Originally published on Fri March 30, 2012 11:27 am
Everybody, it seems, is talking about tonight's Mega Millions lottery drawing because the jackpot's up to a record $640 million. (Update at 12:15 p.m. ET: Officials just increased the estimated jackpot, which began today at an already record $540 million.)
Originally published on Wed March 28, 2012 3:43 pm
On the final morning of its three-day health care law extravaganza, the U.S. Supreme Court wrestled with the question of whether parts of the 2010 federal statute can survive if the justices strike down its central tenet: the individual insurance requirement.
In other words, if the nine justices find the insurance mandate unconstitutional when they rule by June, would that mean that the entire law also fails the constitutionality test?
Originally published on Tue March 27, 2012 11:01 pm
In its second-to-last argument over the Affordable Care Act, the Supreme Court on Wednesday ponders a what-if.
Specifically, if the justices decide that Congress exceeded its constitutional authority in enacting the part of the law that requires most Americans to either have health insurance starting in 2014 or pay a penalty, does that invalidate the rest of the law? And if not, how much, if any, of the rest of the law should it strike down?
Originally published on Tue March 27, 2012 7:11 pm
A clearly divided U.S. Supreme Court on Tuesday took up the centerpiece of President Obama's health care law: its requirement that by 2014 individuals have insurance coverage or face a penalty.
In contrast to Monday's dense and technical arguments, Tuesday's session was filled with sharp rhetorical volleys and clever analogies. Here are some of the more telling exchanges between the lawyers and the high court justices.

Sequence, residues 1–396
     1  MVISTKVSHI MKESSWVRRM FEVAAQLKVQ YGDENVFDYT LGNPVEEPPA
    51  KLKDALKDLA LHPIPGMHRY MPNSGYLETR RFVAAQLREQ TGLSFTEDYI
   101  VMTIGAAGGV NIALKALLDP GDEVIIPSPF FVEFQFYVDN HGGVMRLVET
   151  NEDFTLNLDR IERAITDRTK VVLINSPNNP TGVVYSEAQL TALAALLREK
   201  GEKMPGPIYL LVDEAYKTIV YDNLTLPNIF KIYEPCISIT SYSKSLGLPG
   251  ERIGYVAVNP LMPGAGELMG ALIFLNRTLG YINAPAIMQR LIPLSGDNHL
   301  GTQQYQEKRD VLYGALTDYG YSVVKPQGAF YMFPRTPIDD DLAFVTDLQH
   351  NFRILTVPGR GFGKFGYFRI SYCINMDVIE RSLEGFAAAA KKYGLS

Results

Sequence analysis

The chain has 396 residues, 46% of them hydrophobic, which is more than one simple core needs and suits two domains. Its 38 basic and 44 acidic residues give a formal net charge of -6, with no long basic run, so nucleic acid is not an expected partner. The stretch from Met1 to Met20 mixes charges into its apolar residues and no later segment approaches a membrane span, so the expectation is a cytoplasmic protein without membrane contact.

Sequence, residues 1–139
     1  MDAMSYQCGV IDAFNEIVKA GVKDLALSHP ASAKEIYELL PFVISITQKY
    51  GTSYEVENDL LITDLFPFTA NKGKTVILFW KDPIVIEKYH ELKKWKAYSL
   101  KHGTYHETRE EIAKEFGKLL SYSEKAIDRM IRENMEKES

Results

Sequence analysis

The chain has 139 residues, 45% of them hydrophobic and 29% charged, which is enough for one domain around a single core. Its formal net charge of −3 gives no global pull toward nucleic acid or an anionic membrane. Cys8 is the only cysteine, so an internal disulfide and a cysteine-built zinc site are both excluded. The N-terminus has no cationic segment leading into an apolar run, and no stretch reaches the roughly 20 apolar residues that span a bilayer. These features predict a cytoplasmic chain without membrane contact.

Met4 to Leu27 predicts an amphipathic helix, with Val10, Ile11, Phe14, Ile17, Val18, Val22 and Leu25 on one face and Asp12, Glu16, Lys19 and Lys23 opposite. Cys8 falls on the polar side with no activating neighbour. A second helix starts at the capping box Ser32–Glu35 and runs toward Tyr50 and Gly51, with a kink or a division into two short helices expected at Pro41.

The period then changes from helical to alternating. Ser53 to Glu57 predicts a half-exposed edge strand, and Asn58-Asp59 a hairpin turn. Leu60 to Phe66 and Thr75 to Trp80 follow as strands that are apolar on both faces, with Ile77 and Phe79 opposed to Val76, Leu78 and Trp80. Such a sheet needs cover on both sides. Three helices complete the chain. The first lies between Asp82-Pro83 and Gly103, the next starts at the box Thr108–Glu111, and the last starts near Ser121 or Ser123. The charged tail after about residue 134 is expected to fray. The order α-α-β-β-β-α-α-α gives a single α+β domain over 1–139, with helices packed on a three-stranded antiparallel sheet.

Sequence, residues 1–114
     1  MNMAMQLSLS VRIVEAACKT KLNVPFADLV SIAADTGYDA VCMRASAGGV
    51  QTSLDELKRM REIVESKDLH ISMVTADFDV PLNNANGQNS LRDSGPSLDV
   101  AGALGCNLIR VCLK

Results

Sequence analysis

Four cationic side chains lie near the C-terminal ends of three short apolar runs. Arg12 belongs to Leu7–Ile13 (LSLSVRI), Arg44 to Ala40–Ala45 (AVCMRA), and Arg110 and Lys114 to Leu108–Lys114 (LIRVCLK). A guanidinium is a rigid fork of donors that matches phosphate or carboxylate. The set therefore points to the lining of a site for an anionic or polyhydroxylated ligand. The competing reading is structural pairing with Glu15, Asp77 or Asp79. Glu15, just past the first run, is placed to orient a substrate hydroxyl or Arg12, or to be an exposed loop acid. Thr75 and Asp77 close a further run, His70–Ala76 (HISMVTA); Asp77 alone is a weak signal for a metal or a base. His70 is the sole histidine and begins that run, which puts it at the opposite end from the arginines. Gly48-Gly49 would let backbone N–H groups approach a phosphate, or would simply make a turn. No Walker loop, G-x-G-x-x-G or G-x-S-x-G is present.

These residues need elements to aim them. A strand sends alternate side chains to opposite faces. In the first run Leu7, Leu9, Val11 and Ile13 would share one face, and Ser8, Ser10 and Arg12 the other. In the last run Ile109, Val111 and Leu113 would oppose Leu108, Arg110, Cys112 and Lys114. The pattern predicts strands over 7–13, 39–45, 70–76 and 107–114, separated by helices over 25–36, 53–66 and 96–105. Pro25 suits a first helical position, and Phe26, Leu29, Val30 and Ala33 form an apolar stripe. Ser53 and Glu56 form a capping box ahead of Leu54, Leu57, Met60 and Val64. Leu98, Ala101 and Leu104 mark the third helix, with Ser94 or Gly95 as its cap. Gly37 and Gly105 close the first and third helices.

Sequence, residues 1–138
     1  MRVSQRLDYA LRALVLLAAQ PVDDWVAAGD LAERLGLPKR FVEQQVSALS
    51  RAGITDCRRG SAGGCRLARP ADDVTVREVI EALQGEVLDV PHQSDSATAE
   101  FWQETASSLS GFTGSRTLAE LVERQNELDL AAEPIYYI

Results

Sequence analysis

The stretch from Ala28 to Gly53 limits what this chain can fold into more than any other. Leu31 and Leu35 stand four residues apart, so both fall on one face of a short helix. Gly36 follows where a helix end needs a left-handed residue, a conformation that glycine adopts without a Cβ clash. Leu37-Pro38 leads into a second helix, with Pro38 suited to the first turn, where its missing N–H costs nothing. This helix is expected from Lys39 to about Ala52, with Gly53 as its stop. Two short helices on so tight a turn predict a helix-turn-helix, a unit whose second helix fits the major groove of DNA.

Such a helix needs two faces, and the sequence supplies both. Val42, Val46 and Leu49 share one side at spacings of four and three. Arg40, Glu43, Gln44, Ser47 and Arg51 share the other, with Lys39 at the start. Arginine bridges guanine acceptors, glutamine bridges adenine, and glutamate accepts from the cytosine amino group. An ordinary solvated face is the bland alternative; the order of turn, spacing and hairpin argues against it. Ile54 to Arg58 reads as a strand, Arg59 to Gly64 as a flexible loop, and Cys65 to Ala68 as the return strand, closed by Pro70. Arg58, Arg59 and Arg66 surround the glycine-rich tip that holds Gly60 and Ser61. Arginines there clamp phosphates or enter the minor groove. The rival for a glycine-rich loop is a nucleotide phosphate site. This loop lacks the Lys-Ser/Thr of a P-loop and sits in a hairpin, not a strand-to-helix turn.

The U.S. Supreme Court gets to the heart of the health care arguments Tuesday. Almost exactly two years after Congress passed the Obama health care overhaul, the justices are hearing legal arguments testing the constitutionality of the so-called health care mandate — so-called because those words actually do not appear in the law.
Originally published on Sun March 25, 2012 11:01 pm
Researchers haven't given much thought to the effect of noise and noise pollution on plants. After all, plants don't have ears — at least, not the kind you hear with — so there doesn't seem to be much point. But thanks to ecologist Clinton Francis, that could be about to change.
Francis is a postdoctoral researcher at the National Evolutionary Synthesis Center in North Carolina. But he has spent the past few years in northwestern New Mexico, studying noise pollution in Rattlesnake Canyon.
Originally published on Tue March 20, 2012 6:30 am
By the time Republican primary season got around to Illinois in past election cycles, the Land of Lincoln was pretty much an afterthought since the party's nominee had already been decided. Not this time.
Mitt Romney has what seems like an insurmountable lead in delegates. But there are questions as to whether he can reach the 1,144 needed for the nomination by the party's August convention. And with his rivals, especially Rick Santorum, refusing to exit the race, the GOP primaries have entered the grind-it-out-for-every-delegate phase.